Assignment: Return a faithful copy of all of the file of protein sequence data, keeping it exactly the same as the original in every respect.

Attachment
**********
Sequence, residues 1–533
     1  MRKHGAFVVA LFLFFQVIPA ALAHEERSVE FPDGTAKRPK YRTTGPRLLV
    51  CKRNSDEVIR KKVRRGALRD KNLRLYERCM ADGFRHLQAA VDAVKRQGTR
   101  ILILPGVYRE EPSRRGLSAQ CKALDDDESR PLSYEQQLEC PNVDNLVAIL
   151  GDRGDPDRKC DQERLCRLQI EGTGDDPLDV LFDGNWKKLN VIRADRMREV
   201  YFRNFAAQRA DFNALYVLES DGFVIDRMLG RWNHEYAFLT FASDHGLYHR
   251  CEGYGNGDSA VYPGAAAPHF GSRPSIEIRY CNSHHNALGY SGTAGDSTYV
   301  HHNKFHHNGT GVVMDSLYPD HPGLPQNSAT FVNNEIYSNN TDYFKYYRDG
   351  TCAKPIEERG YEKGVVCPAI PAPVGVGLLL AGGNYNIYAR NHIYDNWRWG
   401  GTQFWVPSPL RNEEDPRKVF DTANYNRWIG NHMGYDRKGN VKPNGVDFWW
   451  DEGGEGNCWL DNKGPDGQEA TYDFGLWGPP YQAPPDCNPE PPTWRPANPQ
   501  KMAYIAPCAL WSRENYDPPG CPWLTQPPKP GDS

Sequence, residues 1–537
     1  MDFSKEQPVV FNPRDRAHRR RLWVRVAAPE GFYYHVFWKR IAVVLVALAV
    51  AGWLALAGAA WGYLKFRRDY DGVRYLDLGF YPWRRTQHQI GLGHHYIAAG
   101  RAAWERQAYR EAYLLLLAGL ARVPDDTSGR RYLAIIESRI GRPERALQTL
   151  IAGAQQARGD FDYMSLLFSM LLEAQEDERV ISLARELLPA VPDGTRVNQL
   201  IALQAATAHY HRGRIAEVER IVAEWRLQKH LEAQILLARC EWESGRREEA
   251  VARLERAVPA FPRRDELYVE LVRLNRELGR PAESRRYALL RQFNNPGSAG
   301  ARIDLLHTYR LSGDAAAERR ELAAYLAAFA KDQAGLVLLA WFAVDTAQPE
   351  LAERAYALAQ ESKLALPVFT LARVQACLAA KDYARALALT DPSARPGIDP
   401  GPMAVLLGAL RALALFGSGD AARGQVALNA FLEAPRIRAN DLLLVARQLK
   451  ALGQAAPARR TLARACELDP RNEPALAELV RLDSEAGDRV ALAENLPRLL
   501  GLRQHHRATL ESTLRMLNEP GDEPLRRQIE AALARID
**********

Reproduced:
Sequence, residues 1–533
     1  MRKHGAFVVA LFLFFQVIPA ALAHEERSVE FPDGTAKRPK YRTTGPRLLV
    51  CKRNSDEVIR KKVRRGALRD KNLRLYERCM ADGFRHLQAA VDAVKRQGTR
   101  ILILPGVYRE EPSRRGLSAQ CKALDDDESR PLSYEQQLEC PNVDNLVAIL
   151  GDRGDPDRKC DQERLCRLQI EGTGDDPLDV LFDGNWKKLN VIRADRMREV
   201  YFRNFAAQRA DFNALYVLES DGFVIDRMLG RWNHEYAFLT FASDHGLYHR
   251  CEGYGNGDSA VYPGAAAPHF GSRPSIEIRY CNSHHNALGY SGTAGDSTYV
   301  HHNKFHHNGT GVVMDSLYPD HPGLPQNSAT FVNNEIYSNN TDYFKYYRDG
   351  TCAKPIEERG YEKGVVCPAI PAPVGVGLLL AGGNYNIYAR NHIYDNWRWG
   401  GTQFWVPSPL RNEEDPRKVF DTANYNRWIG NHMGYDRKGN VKPNGVDFWW
   451  DEGGEGNCWL DNKGPDGQEA TYDFGLWGPP YQAPPDCNPE PPTWRPANPQ
   501  KMAYIAPCAL WSRENYDPPG CPWLTQPPKP GDS

Sequence, residues 1–537
     1  MDFSKEQPVV FNPRDRAHRR RLWVRVAAPE GFYYHVFWKR IAVVLVALAV
    51  AGWLALAGAA WGYLKFRRDY DGVRYLDLGF YPWRRTQHQI GLGHHYIAAG
   101  RAAWERQAYR EAYLLLLAGL ARVPDDTSGR RYLAIIESRI GRPERALQTL
   151  IAGAQQARGD FDYMSLLFSM LLEAQEDERV ISLARELLPA VPDGTRVNQL
   201  IALQAATAHY HRGRIAEVER IVAEWRLQKH LEAQILLARC EWESGRREEA
   251  VARLERAVPA FPRRDELYVE LVRLNRELGR PAESRRYALL RQFNNPGSAG
   301  ARIDLLHTYR LSGDAAAERR ELAAYLAAFA KDQAGLVLLA WFAVDTAQPE
   351  LAERAYALAQ ESKLALPVFT LARVQACLAA KDYARALALT DPSARPGIDP
   401  GPMAVLLGAL RALALFGSGD AARGQVALNA FLEAPRIRAN DLLLVARQLK
   451  ALGQAAPARR TLARACELDP RNEPALAELV RLDSEAGDRV ALAENLPRLL
   501  GLRQHHRATL ESTLRMLNEP GDEPLRRQIE AALARID